An ELT Glossary : Pragmatics

Pragmatics studies how language is used in context (including the relationship between the speakers) and how meaning is interpreted in specific situations. Widdowson (1978:29)  gave the following example :

A : That's the phone.
B : I'm in the bath.
A : OK. 

As Widdowson points out, the first utterance, though a declarative sentence, is clearly interpreted by B as being a request to answer the phone, and B's reply is interpreted by A as a refusal and excuse. Although, as Widdowson says, there are no explicit cohesive links between the utterances, recognising how the speakers interpret their illocutionary force enable us to supply the "missing" propositional links and recognise it as coherent discourse.  :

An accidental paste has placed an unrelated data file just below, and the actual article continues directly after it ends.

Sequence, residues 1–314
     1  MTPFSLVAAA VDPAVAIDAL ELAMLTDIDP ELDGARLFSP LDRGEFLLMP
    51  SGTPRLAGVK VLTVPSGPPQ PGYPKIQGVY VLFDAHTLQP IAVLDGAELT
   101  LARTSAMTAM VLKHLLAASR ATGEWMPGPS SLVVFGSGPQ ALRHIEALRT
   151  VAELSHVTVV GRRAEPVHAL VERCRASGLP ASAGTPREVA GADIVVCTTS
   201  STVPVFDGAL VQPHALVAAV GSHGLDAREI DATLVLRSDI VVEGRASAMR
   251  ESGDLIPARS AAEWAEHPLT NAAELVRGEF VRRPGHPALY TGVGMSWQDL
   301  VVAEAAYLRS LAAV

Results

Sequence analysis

A : That's the phone. (Can you answer it, please?)
B :  (No I can't answer it because) I'm in the bath.
A : OK (I'll answer it).

This interpretation is made possible by the speakers' knowledge of the world : phones need to be answered when they ring, if you're in the bath it's difficult to get to the phone in time to answer it etc.

See also : Pragmatic competence


Widdowson, H.G. (1978) Teaching English as Communication, Oxford University Press 

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